So Happy Together: Dave Grohl Finds Nirvana in the Foo Fighters

Three years since Nirvana's glorious run came to its catastrophic end, Dave Grohl and the Foo Fighters may finally be free of the ghosts and expectations that followed.

Dave Grohl Covers SPIN July 1997
Dave Grohl on SPIN's July 1997 cover / Photo by David Barry
WRITTEN BY
Mike Rubin

Forget Dolly the Sheep: Hawkins seems like he's a clone of Grohl, only three years younger. With his mop of dirty-blond hair and goatee, Hawkins is looking kind of Skeet-like himself, and he's as skinny, antic, and hyperkinetic as Dave, maybe even more so. "I can't wait to go on tour so I can see if Taylor ever sleeps," laughs Grohl. Besides the ability to play like John Bonham, Stephen Perkins, or his idol, Stewart Copeland, Hawkins brings his own, surfer-influenced dialect to the Foo mix: a sample glossary includes "winger" (complainer), "Hessian" (hick, redneck, unsophisticated, burnout), and "flobe" ("when you fuck something up," says Hawkins, "like, if you've floundered, you're a flobe"). "He's the whitest Southern California surf kid I know," opines Smear.

Hailing from Laguna Beach, about 50 miles south of L.A. in Orange County, Hawkins just spent a year and nine months of constant touring in Morissette's backing band, which offered excellent preparation for the Foos' six hours of nightly rehearsal overseen by General Grohl. "You have to be an athlete to play these drum parts," says Hawkins. "I play really hard, and that's the key to playing drums for Dave Grohl—you've got to beat the shit out of the drums."

Grohl himself got a late start at his brutal, ferocious thudding, since he never owned a drum set as a child; his family couldn't afford one. He didn't get his own kit until he was in his third band, couldn't figure out how to build the high hat stand until he was in the Washington, D.C. hardcore outfit Scream, and still can't tune his drums. Grohl learned to play drums on his bed in the D.C. suburb of Springfield, Virginia, using a chair as the high hat, a pillow on the floor as the snare, and the bed as the toms, hammering along with fat, heavy marching sticks to such high-velocity fare as Minor Threat and the Bad Brains on the Fairfax County Public Schools-issue record player that his single mom brought home from her job as an English teacher. "That's why I started hitting the drums so hard," explains Grohl, "playing on pillows, pushing down and pulling up with these fucking bats listening to 'Violent Pacification' by D.R.I. I'd do that until the windows in my bedroom were dripping with condensation from the sweat in the room. It was like a workout tape."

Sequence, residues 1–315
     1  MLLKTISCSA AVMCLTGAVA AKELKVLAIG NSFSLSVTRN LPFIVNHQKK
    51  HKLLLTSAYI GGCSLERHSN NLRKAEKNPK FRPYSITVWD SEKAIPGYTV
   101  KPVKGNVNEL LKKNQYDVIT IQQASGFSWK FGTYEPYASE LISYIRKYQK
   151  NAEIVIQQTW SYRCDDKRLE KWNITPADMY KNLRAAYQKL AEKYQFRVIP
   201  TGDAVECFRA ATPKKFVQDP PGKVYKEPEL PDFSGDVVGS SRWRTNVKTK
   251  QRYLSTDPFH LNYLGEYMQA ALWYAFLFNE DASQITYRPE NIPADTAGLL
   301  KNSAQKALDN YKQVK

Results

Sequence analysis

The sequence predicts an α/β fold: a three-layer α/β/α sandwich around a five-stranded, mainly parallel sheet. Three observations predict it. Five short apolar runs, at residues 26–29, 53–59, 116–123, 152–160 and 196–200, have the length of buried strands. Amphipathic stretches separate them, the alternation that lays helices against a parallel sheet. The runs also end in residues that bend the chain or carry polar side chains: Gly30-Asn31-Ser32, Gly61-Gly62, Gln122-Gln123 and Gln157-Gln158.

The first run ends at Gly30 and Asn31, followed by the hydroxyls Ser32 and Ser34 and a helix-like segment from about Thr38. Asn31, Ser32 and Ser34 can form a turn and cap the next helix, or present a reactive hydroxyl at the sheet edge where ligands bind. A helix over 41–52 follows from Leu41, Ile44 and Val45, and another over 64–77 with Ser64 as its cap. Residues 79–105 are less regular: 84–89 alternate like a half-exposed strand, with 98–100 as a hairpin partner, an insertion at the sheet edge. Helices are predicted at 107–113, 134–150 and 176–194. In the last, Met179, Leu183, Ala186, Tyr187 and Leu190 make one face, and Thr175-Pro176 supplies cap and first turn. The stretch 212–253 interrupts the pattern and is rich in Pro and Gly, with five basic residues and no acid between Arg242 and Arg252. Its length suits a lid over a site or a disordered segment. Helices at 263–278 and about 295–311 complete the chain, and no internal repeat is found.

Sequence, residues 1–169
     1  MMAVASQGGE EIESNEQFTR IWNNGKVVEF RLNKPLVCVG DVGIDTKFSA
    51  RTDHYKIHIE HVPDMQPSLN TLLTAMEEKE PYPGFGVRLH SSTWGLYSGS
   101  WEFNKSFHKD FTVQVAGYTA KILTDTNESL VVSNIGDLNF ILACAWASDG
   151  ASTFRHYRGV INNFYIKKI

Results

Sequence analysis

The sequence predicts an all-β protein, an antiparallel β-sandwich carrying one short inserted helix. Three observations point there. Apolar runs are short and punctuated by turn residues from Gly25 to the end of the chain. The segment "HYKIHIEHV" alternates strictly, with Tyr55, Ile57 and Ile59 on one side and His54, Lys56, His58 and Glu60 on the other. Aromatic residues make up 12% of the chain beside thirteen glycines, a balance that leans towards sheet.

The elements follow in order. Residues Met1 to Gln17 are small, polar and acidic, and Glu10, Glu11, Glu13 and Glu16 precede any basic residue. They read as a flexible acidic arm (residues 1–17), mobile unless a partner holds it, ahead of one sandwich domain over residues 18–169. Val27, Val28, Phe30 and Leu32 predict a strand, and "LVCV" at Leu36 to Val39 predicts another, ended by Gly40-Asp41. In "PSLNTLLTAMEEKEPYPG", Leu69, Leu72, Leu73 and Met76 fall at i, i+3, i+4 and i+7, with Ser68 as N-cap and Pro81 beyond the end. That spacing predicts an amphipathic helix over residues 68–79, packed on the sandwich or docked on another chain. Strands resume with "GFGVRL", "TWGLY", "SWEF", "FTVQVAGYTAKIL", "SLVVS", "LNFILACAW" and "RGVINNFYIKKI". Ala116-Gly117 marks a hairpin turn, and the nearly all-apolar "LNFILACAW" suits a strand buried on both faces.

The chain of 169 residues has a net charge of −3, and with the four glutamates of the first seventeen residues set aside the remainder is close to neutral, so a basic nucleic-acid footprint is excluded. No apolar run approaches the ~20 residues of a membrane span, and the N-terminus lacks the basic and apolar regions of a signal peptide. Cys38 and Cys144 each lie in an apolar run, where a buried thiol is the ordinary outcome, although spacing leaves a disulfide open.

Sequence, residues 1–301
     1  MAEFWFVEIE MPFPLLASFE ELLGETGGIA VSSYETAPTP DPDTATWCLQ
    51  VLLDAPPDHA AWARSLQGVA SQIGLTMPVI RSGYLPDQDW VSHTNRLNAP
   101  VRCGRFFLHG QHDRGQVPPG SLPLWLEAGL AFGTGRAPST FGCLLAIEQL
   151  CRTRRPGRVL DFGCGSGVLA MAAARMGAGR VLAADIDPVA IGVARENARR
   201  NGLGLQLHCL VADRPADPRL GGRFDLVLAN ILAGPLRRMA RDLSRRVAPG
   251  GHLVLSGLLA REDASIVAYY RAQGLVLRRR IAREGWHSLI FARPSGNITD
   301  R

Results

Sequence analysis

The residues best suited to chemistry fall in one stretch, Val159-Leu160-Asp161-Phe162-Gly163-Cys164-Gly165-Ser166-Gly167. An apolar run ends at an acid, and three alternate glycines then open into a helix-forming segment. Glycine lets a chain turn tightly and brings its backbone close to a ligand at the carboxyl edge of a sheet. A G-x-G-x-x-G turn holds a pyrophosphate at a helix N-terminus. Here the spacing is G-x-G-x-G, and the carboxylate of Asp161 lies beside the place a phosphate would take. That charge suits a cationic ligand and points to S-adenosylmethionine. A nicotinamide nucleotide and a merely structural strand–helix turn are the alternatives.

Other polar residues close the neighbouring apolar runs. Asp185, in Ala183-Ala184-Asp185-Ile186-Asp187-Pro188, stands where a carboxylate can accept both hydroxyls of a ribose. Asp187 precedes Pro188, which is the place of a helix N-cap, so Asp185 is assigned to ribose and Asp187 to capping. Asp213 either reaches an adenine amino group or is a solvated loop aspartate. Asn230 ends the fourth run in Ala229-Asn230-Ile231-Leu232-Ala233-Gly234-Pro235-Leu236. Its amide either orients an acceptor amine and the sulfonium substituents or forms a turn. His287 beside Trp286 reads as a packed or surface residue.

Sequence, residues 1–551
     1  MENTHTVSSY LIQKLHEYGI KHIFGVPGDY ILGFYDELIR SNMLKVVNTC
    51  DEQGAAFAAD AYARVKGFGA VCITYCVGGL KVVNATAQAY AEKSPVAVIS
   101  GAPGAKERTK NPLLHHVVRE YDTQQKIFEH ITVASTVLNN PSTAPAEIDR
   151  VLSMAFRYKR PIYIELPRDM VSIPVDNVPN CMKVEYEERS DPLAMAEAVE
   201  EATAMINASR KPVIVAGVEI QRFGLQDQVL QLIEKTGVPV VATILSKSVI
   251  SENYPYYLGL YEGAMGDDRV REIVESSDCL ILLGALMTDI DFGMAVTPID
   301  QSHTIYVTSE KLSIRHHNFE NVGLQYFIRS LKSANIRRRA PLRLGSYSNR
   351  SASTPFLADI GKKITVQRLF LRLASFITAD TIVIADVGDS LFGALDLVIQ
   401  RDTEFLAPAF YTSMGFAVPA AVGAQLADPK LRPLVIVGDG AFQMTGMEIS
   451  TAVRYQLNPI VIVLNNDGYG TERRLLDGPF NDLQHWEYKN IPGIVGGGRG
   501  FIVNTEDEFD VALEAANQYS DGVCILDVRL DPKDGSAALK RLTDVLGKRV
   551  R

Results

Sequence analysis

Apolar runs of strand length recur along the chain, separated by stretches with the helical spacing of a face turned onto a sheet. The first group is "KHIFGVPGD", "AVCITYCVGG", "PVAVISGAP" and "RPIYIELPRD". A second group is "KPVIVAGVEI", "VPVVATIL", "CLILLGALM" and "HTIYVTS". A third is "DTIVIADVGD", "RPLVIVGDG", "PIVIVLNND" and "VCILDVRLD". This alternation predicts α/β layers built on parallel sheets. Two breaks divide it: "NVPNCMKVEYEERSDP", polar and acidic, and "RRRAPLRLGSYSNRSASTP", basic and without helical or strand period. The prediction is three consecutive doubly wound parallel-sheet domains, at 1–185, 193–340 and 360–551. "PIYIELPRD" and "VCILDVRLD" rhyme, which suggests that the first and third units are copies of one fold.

In high school, Dave played in a series of groups—Freak Baby, Mission Impossible, and Dain Bramage—performing on bills with bands like Minor Threat, Trouble Funk, and the Melvins before getting the chance to become a member of Scream, one of his absolute favorites. It wasn't long before Grohl dropped out at 17 to tour full-time, and he remained with Scream until they broke up in July 1990. In the process, Grohl learned the fine art of stretching $7 a day on tour to cover food, cigarettes, and pot. "It was the best education," says Grohl. "If you were to sit me down in a classroom, with fluorescent lights humming and some woman trying to teach me Italian, there's no way. But Scream goes to Italy, we stay in a squat, and the only way you can ask someone where to take a piss is to do it in Italian. So I learned Italian."

When Scream's bassist bailed on them in L.A., leaving them stranded and broke, Dave called the Melvins' Buzz Osborne, who brokered Grohl's move to Seattle in September 1990 to join Nirvana. Although Grohl had been writing songs, there wasn't much opportunity to use them in his new band. "When you're in a band like Nirvana and the songwriter is someone like Kurt, you try to step back and not pollute the process. Don't fix it if it ain't broke."

Despite being at the helm of the Foos' success, Grohl acknowledges that "I'll probably be forever known as 'that guy who played drums in Nirvana.' You can think of it two ways: Like the kid who was caught masturbating in the bathroom in high school and for the rest of his high school career he was the kid who was caught masturbating in the bathroom no matter what he did. Or you can be proud of it. And I'm proud of it. I am."

It's a few weeks after what would have been Cobain's 30th birthday, and a few weeks before the third anniversary of his death. So despite Grohl's demonstrated reticence, later that evening, as we continue our discussion at the hotel, I ask him how he planned to mark the upcoming milestone. "Believe me," he sighs, "I realize that it's the three-year anniversary." He pulls at his mustache and averts his eyes from mine. I'm left staring at the tape recorder.

How often does Kurt cross your mind? I finally ask.

"Always. A lot. Daily. In dreams."

When was the last time you thought of him?

"Six nights ago, in a dream," he answers, his voice tinged with resignation. "It's hard not to think about something that everybody wants to talk about all the time."

Grohl lights up a cigarette, then runs his fingers along the tattoo of Led Zeppelin drummer John Bonham's personal rune on his right forearm and gazes out into the cool California night.

"You're dealt a hand," he says finally, exhaling a puff of smoke, "and you just have to deal with it."

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